As a parent of a child with autism, Holly Goodman was shocked to discover the lack of training for first responders when interacting with people on the spectrum.
Goodman, Founder and Executive Director of the Isaac Foundation, began speaking with local first responders about developing a training program to bridge the communication gap in 2014. This led to the creation of Autism in the Wild.
“A lot has changed since then,” she said.
The Spokane-based foundation is named after Goodman’s son, who was diagnosed with autism spectrum disorder and died suddenly before his fourth birthday. In her grief, she founded the nonprofit association to help families struggling with having a loved one affected by autism. She gave birth to her youngest son, who was later diagnosed with high-level autism, shortly after Isaac’s death.
The Isaac Foundation partners with Courageous Kids Climbing, a non-profit organization focused on teaching rock climbing to children with special needs. Together, the two groups have hosted Autism in the Wild for the past two years in McCall, Idaho.
When retired firefighter Jeff Riechmann first attended a training session on autism in the wild, he was overwhelmed as he had never received instructions like this before, he said. -he declares. Reichmann, who is executive director of Courageous Kids Climbing, knew the nonprofit had to get involved.
This year, nonprofits will host Autism in the Wild in the Asotin County Fire District in Clarkston, Wash. On Saturday, February 26. Training is free for first responders.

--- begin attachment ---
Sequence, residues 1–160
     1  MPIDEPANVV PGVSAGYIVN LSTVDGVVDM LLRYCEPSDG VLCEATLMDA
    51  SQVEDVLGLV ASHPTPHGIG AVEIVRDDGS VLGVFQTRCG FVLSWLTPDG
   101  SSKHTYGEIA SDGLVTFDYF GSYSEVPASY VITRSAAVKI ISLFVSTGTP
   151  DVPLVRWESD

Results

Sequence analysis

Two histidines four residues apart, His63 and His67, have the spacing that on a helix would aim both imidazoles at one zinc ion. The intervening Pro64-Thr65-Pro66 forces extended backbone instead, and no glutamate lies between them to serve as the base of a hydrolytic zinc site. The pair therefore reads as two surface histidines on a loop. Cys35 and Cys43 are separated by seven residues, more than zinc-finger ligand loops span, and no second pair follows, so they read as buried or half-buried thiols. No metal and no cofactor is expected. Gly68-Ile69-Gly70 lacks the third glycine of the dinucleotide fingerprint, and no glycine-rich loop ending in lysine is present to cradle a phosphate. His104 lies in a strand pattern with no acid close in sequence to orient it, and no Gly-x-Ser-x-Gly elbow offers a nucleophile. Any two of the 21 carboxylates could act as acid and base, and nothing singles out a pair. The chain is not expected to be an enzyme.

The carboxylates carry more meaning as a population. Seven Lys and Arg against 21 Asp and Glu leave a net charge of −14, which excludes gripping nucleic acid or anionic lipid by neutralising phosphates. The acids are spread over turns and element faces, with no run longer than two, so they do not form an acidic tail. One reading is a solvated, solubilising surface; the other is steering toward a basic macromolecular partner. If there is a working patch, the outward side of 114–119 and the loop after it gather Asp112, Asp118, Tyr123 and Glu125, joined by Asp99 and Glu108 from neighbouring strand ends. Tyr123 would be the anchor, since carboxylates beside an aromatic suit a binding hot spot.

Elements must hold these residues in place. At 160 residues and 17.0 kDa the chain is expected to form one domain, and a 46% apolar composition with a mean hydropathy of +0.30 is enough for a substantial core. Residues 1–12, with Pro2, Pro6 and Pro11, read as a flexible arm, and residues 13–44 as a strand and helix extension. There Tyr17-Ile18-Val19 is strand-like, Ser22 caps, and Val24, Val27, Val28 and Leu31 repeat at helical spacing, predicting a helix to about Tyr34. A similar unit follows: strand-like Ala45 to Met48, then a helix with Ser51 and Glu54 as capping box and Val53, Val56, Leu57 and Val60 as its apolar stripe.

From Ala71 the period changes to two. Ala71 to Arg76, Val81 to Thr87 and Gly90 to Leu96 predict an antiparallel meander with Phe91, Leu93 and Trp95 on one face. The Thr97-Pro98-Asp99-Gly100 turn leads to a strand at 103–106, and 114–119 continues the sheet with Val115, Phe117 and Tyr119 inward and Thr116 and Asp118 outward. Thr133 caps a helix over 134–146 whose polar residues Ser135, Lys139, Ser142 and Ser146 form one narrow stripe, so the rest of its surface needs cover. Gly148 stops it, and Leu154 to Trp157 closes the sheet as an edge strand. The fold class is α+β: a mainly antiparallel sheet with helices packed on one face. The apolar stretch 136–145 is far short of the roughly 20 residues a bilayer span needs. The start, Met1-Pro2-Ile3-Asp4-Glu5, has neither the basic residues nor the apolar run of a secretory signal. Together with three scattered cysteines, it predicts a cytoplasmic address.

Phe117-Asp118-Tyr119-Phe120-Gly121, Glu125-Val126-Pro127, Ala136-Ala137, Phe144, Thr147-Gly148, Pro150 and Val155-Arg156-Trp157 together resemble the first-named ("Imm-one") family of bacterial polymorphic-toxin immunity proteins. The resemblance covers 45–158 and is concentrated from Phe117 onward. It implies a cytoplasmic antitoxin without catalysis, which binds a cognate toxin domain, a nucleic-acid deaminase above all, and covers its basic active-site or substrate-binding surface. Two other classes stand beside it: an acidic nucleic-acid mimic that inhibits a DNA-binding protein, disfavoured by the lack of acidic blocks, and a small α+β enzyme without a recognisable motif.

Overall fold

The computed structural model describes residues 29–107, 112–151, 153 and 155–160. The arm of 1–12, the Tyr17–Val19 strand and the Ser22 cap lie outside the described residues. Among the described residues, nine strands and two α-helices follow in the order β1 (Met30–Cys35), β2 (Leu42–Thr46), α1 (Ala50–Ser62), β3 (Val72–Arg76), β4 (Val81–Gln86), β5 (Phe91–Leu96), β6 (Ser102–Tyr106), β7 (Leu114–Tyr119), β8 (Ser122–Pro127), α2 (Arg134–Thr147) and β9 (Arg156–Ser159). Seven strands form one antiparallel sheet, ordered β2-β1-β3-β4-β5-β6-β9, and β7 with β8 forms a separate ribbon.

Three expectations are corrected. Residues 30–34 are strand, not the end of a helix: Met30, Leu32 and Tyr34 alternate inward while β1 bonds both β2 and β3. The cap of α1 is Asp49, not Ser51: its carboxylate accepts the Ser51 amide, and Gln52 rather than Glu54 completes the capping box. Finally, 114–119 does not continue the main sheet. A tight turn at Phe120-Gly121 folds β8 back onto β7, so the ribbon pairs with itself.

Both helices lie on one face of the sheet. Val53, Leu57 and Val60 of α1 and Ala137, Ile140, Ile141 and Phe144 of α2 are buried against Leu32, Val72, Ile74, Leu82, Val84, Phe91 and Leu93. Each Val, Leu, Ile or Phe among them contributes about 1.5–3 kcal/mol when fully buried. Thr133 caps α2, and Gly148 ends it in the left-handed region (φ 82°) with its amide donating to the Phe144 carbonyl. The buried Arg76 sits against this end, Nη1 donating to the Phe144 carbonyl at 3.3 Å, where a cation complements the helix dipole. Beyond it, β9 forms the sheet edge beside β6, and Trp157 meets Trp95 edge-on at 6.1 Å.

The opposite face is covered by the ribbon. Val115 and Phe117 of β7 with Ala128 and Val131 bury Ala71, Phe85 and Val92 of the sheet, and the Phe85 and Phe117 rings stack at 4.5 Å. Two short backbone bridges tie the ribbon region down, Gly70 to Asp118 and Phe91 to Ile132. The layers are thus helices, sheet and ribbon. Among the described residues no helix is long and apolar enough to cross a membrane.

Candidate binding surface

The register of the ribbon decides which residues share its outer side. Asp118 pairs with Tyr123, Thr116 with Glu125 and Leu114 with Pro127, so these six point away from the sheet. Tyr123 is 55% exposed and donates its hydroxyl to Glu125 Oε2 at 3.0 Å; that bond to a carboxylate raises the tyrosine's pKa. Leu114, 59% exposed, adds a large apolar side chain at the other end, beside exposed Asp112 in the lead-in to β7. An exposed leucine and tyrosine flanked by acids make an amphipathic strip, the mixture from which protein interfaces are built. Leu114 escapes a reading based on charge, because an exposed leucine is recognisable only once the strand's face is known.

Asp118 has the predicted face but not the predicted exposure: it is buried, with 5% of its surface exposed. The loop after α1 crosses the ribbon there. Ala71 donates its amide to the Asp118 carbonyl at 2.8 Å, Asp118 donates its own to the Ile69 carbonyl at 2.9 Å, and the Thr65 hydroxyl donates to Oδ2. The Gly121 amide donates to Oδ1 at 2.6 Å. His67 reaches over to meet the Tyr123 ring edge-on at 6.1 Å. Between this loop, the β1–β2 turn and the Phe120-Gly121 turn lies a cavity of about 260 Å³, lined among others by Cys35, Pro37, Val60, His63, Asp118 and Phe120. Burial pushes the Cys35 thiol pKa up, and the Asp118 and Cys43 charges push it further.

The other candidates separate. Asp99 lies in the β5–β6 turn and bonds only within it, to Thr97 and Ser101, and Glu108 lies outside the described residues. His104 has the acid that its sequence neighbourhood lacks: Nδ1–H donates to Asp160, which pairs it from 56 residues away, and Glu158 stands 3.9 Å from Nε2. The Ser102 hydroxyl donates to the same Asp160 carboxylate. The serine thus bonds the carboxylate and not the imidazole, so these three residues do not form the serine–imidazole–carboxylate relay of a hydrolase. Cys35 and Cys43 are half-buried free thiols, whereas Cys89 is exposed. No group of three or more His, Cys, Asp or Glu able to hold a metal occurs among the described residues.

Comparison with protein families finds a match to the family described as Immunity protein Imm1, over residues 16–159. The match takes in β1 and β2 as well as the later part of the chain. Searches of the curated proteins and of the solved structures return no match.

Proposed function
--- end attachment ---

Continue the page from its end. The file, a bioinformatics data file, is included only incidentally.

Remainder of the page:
Goodman said the key to supporting people with autism is to first understand their minds and behavior. Communication is the number one challenge when people try to talk to people with autism, she added.
The program strives to improve communication by understanding behavior, said Goodman. During the training, advocates describe effective interaction techniques and discuss common behaviors so that participants can respond appropriately.
“Once you have the code to decipher your understanding of what you are seeing, then it’s really not a blur anymore,” Goodman said. “People think of bad behavior when it’s really them who react to their environment in a certain way. “
The large-scale goal is to improve outcomes for patients and first responders, she noted.
The Isaac Foundation is working with municipalities and local fire stations to invite children with disabilities to practice interacting with first responders in a non-emergency situation, Goodman said.
“We teach our loved ones what the expectations are for interacting with first responders, which is the other half of the equation,” she said.
The nonprofit also offers training to various groups related to children with autism, such as teachers, nurses and youth programs, Goodman added.
“We are doing it now for a large population of people who have diversity in their programs,” she said.
Courageous Kids Climbing also works with local fire departments to introduce children with special needs to first responders. Riechmann said he invites firefighters to wear their rescue harnesses during climbing events.
“It slowly morphed into giving kids their own fire engine tour, which made [them feel] less afraid of people in uniform, ”he said.
The Isaac Foundation typically charges a training fee to cover transportation costs. But to honor the work being done by Courageous Kids Climbing, Goodman said, there is no cost associated with the session.
“It’s a good opportunity when people see us doing [the training] in partnership with Courageous Kids Climbing, ”said Goodman. “It’s a wonderful opportunity to be able to access it for free. “